Let me introduce myself. My name is Mark Sisson. I’m 63 years young. I live and work in Malibu, California. In a past life I was a professional marathoner and triathlete. Now my life goal is to help 100 million people get healthy. I started this blog in 2006 to empower people to take full responsibility for their own health and enjoyment of life by investigating, discussing, and critically rethinking everything we’ve assumed to be true about health and wellness...Tell Me More
Bulletproof coffee has taken the paleo world by storm. Not me, though.
Don’t get me wrong. I’m all for people dropping grass-fed butter and coconut/MCT oil into their high-quality coffee, blending it all up into a high-octane mug of frothiness, but I just can’t get into it. If we’re talking coffee additives, I prefer my butter in the form of cream. That’s me. I definitely see the appeal of it, though, and I’m sold on the merits of the drink and its components. It’s just not for me.
However, the idea of adding non-traditional fatty food items to coffee intrigued me, so I decided to explore other options. Eventually, I landed on eggs.
Egg yolks are excellent emulsifiers. There’s the egg yolk lecithin, a famous emulsifier, plus several different egg yolk proteins with emulsification properties. Good yolks are prized by top chefs around the world primarily for their emulsifying ability. Egg yolks smooth out sauces, salad dressings, and relations between bitter enemies like oil and water. That’s right: egg yolks are the great unifiers of the food world. Throw some olive oil, lemon juice, salt, and pepper into a bowl, whisk it all together, and you’ll have a lovely stratified bowl of fluids of different shades. Oh, they might appear to blend together into a dressing for a second or two, but once you look away, the old immutable divisions will rear their heads and the dressing will disappear. Add an egg yolk or two, though? You’ll get a silky smooth salad dressing that remains so for time immemorial.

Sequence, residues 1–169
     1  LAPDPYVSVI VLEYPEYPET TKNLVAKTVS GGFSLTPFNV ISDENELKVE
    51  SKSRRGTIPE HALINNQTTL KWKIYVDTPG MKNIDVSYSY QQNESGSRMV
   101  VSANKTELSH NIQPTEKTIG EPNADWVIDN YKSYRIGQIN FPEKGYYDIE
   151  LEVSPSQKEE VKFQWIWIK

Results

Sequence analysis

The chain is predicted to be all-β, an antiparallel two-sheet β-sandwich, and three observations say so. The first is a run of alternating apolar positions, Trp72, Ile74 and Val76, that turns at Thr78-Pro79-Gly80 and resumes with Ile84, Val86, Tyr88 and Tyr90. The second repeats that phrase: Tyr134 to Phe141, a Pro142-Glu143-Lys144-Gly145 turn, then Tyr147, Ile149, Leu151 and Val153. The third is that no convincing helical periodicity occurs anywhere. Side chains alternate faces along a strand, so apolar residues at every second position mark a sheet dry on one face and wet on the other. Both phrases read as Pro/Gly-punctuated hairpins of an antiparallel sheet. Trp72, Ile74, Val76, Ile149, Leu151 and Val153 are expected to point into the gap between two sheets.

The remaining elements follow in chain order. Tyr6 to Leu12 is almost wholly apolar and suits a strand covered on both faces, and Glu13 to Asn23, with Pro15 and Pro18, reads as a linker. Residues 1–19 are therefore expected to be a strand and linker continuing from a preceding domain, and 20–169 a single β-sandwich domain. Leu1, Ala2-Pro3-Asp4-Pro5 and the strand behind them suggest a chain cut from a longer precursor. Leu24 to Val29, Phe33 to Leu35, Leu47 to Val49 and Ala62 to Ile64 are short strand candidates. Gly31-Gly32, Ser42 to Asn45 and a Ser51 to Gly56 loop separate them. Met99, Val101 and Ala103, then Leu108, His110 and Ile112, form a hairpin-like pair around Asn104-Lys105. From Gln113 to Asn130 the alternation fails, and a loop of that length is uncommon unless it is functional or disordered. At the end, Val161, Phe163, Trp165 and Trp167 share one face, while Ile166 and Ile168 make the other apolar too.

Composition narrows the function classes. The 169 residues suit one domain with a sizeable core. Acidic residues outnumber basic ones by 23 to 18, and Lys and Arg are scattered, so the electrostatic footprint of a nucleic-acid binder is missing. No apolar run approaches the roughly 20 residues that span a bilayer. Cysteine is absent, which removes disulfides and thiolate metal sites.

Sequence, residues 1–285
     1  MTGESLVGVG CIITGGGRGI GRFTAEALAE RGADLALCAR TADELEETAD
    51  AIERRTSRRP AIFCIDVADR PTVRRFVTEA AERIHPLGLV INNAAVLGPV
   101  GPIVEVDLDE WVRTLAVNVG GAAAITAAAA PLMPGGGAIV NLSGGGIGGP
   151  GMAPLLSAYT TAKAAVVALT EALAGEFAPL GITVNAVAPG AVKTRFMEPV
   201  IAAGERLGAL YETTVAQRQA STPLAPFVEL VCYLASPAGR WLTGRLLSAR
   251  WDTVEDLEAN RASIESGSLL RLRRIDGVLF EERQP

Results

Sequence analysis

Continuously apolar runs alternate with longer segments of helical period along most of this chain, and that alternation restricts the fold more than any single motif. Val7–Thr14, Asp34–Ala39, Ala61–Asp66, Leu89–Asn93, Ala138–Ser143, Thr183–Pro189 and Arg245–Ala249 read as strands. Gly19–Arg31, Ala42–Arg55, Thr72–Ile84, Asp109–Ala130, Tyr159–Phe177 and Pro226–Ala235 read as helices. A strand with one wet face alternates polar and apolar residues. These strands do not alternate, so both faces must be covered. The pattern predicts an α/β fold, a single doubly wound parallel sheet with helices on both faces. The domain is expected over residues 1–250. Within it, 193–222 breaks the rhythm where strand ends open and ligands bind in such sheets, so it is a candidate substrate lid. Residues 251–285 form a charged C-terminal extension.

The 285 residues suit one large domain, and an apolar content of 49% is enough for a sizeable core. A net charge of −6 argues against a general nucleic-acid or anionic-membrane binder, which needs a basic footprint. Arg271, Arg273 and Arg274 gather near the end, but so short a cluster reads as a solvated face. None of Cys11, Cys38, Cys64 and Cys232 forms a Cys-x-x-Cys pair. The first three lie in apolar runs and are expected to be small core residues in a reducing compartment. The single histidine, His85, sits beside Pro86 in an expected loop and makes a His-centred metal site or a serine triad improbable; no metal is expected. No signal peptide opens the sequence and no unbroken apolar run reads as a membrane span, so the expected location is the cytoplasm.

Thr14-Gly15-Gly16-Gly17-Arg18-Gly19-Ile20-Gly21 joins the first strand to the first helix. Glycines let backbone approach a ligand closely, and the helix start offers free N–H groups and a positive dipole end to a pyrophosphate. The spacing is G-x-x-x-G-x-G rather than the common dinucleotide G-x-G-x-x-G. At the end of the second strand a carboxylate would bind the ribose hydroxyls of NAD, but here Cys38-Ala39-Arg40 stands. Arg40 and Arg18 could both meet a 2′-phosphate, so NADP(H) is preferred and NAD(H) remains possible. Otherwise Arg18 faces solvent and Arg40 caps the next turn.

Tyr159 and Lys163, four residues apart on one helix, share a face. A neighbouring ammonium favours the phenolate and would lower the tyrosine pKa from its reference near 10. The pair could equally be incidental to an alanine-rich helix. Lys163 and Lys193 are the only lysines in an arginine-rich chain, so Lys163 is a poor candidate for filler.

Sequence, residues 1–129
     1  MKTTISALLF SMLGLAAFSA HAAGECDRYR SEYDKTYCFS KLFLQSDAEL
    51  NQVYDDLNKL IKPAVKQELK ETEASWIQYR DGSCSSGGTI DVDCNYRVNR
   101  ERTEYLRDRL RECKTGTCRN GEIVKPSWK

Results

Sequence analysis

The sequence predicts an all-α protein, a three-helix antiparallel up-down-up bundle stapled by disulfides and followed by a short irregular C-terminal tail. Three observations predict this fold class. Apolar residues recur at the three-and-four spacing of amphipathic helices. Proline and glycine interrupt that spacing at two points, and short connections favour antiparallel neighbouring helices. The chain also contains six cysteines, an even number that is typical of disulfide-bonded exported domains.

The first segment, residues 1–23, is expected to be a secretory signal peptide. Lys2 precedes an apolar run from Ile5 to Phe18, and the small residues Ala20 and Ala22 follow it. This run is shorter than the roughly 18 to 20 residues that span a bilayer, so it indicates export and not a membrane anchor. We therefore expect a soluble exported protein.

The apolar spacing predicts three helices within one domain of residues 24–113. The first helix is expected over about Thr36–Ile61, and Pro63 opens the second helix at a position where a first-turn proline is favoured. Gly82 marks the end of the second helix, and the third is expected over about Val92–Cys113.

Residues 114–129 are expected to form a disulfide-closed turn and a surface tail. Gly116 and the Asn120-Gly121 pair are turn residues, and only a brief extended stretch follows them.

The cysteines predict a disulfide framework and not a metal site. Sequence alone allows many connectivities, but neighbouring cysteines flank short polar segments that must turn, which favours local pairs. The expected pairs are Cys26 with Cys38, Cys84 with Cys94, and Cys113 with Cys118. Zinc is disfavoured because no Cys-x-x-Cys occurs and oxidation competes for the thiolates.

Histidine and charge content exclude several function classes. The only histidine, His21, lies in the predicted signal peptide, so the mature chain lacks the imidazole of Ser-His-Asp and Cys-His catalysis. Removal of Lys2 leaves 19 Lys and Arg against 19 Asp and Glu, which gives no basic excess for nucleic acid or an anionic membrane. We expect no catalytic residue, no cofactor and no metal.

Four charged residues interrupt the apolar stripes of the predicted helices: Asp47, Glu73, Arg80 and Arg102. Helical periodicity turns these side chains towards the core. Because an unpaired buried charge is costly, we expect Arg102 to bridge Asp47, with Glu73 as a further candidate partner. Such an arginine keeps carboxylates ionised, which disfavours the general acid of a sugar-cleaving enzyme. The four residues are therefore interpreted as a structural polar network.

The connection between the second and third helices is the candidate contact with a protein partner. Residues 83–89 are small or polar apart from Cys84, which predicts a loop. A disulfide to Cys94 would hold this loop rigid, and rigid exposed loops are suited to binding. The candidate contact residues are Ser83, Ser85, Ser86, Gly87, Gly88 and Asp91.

If you don’t have a blender but still want a smooth, creamy coffee drink, hand-frothing an egg yolk with a fork or whisk will get you there. Hand-frothing butter and coconut oil requires vigorous labor and may not even achieve full emulsification.
Eggs are incredible sources of micronutrients. While I love grass-fed butter, cream, and coconut oil, they aren’t exactly micronutrient-dense. The best butter contains beneficial nutrients like vitamin A, omega-3s, vitamin K2, and butyric acid, while coconut oil is a unique source of medium chain triglycerides, but for the most part we eat those foods because they are sources of stable, healthful saturated fats. They provide energy. Egg yolks, on the other hand, are baby bird building blocks. They contain everything you need to build an entire working animal from scratch – all the vitamins, minerals, protein, and fatty acids that make life work. And, if you get a pastured egg – which you should if you know what’s good for (and your omelets) – your yolk will be supercharged, with extra choline, vitamin E, vitamin A, vitamin K2, omega-3 fats, vitamin D, and beta-carotene from all the bugs and greens the chickens ate.